Complications from a capitate fracture include nonunion and avascular necrosis as, like the scaphoid, it is dependent on a single blood vessel, which enters from its distal aspect. Posttraumatic arthritis is a frequent complication. Fibrosis of surrounding tissues after injury may result in carpal tunnel syndrome.

Fractures through the base of the hook of the hamate are frequently displaced by the forces of the hook's multiple ligamentous attachment. Nonunion is a frequent complication and may necessitate surgical excision of the hook to relieve pain from grasping activities.

Acutely, a Colles fracture has several potential complications. These include compression or contusion of the median and/or ulnar nerves. An acute carpal tunnel syndrome may result from swelling. The flexor tendons may be injured by the bony fragments. Excessive swelling can result in compartment syndromes. Comminuted or severely displaced fractures may be unstable, resulting in a loss of reduction and requiring repeated attempts or surgical intervention.

Long term, the wrist may have radial shortening and angulation deformity, limiting range of motion. Some individuals experience chronic pain, particularly with supination. Adhesions may limit mobility of the flexor tendons. As with all fractures, malunions or nonunions may complicate healing. With comminuted intra-articular fractures, more than two thirds may be complicated by the late development of arthritis.

Reflex sympathetic dystrophy complicates some 3% of distal radius fractures. This controversial diagnosis is a syndrome of paresthesias, pain, stiffness, and changes in skin temperature and color.

Smith (reverse Colles) fracture may result in complications similar to those of Colles fracture.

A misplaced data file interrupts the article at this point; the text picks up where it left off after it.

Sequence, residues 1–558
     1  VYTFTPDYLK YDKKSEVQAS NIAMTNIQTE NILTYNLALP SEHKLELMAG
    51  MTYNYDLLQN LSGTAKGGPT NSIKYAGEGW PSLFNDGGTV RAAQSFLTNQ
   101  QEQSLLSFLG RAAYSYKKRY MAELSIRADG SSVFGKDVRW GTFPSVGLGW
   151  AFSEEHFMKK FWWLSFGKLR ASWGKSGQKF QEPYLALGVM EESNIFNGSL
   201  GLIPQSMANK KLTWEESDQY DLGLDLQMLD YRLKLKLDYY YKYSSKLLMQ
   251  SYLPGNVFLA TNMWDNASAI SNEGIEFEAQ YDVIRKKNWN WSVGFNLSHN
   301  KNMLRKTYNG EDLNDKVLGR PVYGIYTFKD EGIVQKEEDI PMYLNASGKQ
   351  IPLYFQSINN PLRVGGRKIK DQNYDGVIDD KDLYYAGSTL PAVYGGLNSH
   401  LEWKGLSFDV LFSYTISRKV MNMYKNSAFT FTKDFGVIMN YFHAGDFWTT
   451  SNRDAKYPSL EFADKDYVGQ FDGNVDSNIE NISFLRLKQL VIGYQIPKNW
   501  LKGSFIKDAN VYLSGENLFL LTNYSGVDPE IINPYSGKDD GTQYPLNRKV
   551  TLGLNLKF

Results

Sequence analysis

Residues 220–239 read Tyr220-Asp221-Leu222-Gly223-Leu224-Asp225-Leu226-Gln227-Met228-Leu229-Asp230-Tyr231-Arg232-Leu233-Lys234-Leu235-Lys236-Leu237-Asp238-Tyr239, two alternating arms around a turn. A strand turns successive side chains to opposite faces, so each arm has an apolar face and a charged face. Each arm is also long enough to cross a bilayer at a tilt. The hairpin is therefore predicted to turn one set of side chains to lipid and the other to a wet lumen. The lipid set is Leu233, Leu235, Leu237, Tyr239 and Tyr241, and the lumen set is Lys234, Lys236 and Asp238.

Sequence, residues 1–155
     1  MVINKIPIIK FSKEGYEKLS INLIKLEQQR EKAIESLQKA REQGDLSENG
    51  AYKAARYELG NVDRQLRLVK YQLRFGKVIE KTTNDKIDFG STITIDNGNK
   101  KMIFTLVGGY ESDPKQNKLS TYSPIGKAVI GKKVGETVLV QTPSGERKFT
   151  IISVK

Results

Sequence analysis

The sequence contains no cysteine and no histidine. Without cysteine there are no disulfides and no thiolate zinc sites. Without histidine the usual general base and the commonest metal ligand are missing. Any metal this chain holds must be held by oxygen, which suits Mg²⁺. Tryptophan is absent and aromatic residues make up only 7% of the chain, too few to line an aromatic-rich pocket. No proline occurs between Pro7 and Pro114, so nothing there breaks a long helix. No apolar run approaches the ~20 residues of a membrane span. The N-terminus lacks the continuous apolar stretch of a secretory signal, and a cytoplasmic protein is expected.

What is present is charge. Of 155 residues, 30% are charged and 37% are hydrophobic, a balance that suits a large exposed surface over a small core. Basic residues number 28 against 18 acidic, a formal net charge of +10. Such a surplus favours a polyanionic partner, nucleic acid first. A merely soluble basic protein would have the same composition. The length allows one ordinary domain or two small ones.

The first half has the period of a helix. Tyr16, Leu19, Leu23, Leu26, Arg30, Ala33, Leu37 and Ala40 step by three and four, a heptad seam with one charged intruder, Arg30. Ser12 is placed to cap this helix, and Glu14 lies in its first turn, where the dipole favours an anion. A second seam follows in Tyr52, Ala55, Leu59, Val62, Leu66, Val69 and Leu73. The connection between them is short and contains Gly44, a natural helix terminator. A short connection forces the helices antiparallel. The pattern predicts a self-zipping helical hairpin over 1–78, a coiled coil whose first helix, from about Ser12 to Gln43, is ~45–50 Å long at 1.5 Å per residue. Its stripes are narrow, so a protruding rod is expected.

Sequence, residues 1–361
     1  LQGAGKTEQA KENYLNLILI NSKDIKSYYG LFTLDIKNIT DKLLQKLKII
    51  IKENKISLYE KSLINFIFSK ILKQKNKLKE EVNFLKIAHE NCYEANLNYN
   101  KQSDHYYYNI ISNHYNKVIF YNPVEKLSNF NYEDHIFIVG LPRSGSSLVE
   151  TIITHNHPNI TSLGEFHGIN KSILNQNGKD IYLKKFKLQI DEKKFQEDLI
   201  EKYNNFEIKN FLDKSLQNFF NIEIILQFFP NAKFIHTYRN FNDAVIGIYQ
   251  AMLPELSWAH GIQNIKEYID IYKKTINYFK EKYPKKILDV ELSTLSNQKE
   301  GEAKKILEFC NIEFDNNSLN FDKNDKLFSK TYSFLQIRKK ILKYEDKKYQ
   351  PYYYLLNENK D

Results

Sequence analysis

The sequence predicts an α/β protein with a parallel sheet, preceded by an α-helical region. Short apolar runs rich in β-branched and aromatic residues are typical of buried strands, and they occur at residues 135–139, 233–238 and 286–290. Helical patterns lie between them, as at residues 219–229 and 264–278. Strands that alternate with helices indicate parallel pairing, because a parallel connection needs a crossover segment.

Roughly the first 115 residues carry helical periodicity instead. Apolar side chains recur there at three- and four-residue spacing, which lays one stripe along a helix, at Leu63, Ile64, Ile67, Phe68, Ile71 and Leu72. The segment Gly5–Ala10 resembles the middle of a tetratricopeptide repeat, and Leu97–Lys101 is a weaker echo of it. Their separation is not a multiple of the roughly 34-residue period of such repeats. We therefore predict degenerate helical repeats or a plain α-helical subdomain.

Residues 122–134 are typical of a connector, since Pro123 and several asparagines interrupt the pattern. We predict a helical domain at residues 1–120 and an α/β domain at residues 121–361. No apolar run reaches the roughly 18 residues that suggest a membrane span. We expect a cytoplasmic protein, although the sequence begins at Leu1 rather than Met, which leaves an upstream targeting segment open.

Radiocarpal fracture-dislocation may cause entrapment of tendons or of the ulnar nerve and/or artery. [15]

Hutchinson fracture may result in scapholunate dislocation, osteoarthritis, or ligament damage.

Ulnar styloid fracture often results in nonunion.

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Prognosis

Prognosis depends on many variables, including the following:

  • The outcome of injuries to the distal radius and ulna is determined largely by the degree to which normal anatomic relationships can be restored. Shortening of the radius is a key determinant of prognosis. In general, the more complex the fracture pattern, the worse the outcome. This often takes the form of loss of mobility and debilitating early-onset arthritis.
  • Open fractures with large soft-tissue injuries have a much poorer prognosis.
  • Timely and appropriate care can improve the prognosis.
  • Appropriate follow-up and aggressive rehabilitation are extremely important.
  • With appropriate immobilization, 95% of scaphoid fractures heal with casting for 8-12 weeks.
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Patient Education

For patient education resources, see the Breaks, Fractures, and Dislocations Center, as well as Wrist Injury and Broken Hand.